Peacock Eel

Facts about the Peacock Eel

The peacock eel is a member of the spiny eel family, and is sometimes called a Siamese spiny eel. It’s in the Mastacembelidae family and the fish’s scientific name is Macrognathus sianensis. The peacock eel looks very eel-like but is smaller than many other members of its family.

Wild ones will grow to be around one-foot long but those kept as pets in an aquarium usually top out at approximately six inches. The peacock eel is brown, with a very light stomach, light brown sides and a dark brown back. A very narrow yellow line goes from the snout to the caudal fin. Both the caudal and dorsal fins have five eye spots.

The peacock eel originated and lives in India, Thailand, Malaysia, Sri Lanka and Sumatra, where it lives on the bottom of rivers which have dense vegetation and are quite slow-moving. These eels are nocturnal and spend the night foraging for food. At other times they prefer to bury themselves in sand and gravel on the bottom of the river with only their heads visible.

As for food, a peacock eel in the wild will eat crustaceans, worms and larvae. If you decide to keep one of these eels in your aquarium, you will get the best results by keeping the eel on a diet of live food. Blood worms, earthworms, cyclops, brine shrimp and mosquito larvae are all going to work well. Don’t count on your eel being okay with eating frozen food.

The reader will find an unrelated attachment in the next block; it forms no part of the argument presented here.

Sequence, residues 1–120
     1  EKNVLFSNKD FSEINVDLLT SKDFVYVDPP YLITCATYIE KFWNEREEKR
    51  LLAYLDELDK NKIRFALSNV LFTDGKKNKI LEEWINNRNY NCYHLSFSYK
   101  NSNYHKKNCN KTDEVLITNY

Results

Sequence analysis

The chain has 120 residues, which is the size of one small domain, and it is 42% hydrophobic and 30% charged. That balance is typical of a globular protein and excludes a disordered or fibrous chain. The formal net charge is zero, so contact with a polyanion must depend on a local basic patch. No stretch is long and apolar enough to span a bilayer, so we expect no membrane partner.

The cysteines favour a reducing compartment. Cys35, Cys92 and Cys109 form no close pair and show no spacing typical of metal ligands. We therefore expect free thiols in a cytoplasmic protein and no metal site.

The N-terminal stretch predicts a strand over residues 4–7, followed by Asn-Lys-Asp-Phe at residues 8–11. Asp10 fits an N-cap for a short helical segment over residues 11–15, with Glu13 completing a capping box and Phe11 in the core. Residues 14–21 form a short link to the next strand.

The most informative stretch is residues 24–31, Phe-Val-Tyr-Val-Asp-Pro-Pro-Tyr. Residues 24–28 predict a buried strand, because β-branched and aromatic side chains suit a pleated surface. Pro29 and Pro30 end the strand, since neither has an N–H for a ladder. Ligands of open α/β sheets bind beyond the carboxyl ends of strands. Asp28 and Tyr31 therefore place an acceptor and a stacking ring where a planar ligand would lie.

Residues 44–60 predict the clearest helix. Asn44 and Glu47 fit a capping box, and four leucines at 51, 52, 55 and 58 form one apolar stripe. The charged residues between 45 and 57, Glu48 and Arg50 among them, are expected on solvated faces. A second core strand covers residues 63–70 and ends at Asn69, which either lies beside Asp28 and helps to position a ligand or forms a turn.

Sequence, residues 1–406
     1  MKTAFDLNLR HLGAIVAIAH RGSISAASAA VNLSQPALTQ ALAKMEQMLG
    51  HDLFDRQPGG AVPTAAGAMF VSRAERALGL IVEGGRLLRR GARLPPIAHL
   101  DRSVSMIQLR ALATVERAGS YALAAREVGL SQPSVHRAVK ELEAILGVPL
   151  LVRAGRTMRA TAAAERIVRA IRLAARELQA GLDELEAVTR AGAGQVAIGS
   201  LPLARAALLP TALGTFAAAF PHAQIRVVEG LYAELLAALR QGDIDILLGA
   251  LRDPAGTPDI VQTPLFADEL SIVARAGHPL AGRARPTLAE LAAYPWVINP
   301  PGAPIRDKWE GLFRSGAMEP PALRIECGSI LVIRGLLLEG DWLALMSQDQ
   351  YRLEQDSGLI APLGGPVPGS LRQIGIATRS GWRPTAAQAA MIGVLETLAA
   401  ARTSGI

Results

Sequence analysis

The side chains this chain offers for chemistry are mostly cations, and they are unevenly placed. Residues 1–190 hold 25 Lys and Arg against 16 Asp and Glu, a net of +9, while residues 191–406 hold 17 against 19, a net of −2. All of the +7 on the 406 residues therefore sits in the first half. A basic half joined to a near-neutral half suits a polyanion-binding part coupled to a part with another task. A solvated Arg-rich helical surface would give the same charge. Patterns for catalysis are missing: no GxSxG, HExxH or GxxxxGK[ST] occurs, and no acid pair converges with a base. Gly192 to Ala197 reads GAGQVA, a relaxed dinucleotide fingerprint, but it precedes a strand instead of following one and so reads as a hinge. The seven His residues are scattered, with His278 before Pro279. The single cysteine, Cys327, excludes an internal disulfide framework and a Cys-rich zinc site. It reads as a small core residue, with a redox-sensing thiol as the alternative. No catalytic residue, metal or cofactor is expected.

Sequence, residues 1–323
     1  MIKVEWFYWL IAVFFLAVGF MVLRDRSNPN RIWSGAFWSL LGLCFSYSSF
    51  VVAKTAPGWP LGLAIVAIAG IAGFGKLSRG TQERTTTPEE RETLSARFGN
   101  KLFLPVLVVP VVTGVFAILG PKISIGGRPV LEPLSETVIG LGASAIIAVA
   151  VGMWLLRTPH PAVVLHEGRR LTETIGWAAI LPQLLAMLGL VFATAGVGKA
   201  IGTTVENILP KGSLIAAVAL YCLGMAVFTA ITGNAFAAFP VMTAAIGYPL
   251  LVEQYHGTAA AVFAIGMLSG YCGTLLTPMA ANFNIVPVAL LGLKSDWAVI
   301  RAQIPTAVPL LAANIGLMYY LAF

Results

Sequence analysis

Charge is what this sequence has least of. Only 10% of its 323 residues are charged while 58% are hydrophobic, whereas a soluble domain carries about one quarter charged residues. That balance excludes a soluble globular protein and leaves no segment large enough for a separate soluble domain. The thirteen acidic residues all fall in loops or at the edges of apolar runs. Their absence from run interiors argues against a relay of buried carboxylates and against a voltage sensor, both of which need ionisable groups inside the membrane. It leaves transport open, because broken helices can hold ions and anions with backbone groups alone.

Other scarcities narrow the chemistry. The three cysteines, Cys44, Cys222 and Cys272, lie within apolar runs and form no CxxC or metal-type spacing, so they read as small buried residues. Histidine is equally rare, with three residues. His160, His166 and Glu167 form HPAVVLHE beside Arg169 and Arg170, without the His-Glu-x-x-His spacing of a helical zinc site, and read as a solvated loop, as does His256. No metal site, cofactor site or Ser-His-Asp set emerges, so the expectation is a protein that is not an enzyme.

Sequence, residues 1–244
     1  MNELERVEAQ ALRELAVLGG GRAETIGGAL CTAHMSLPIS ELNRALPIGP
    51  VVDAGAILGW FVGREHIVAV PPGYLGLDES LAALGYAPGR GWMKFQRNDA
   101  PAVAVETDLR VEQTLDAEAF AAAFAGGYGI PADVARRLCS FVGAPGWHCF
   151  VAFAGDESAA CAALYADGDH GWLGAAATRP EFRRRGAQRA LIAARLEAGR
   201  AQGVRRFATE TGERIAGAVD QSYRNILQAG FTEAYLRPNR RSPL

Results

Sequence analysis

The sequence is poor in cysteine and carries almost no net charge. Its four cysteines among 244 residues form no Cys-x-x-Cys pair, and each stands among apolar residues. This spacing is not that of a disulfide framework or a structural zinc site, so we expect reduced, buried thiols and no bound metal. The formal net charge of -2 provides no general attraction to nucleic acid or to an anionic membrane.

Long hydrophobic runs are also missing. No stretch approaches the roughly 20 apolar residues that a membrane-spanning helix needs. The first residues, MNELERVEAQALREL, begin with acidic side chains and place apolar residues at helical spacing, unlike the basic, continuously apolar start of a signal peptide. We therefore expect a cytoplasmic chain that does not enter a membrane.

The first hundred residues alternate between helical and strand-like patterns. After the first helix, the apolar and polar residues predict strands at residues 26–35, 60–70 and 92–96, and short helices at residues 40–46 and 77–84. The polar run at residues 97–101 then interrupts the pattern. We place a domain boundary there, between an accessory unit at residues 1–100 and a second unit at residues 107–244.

Many peacock eels will only feed on live food. As for the size of an aquarium, if your eel is six inches long, it will need an aquarium double that size, or twelve inches long, with a capacity for twenty gallons of water. If your peacock eel grows to be larger than six inches, you will need to get a larger aquarium. Make sure your tank has a cover that fits tightly because these eels will try to escape given the chance.

This eel needs to have very warm water with a continuous temperature of between 73 and 82 degrees. You need to get your water to resemble its natural environment as much as possible. Adding a little salt to the water is not a bad idea, and you should strive for a pH of 7.0 and a dH of 10. As the fish normally lives in waters with dense vegetation, you should make sure you have plenty of plants in the bottom of your tank. They also need lots of places for shelter and hiding such as rocks or wood. PVC piping can make an excellent hiding place.

Unlike other fish in the spiny eel family, the peacock eel is easy for beginners to maintain. They are very peaceful fish which are well-suited to community tanks. In fact, they spend all of their time on the bottom of the tank and usually completely ignore other fish in the aquarium. They will even be happy living in the same tank with others of their own species. 

It is pretty much impossible to tell a male peacock eel from a female one. If your goal is to breed them, you should know that this eel has never been bred in captivity. Only a very few spiny eels of any type have been bred in an aquarium. If you want to give it a try the only thing you can do is get several peacock eels and house them in a very large tank. High quality food and a continuous supply of clean water is about all you can do as no one knows what will stimulate breeding.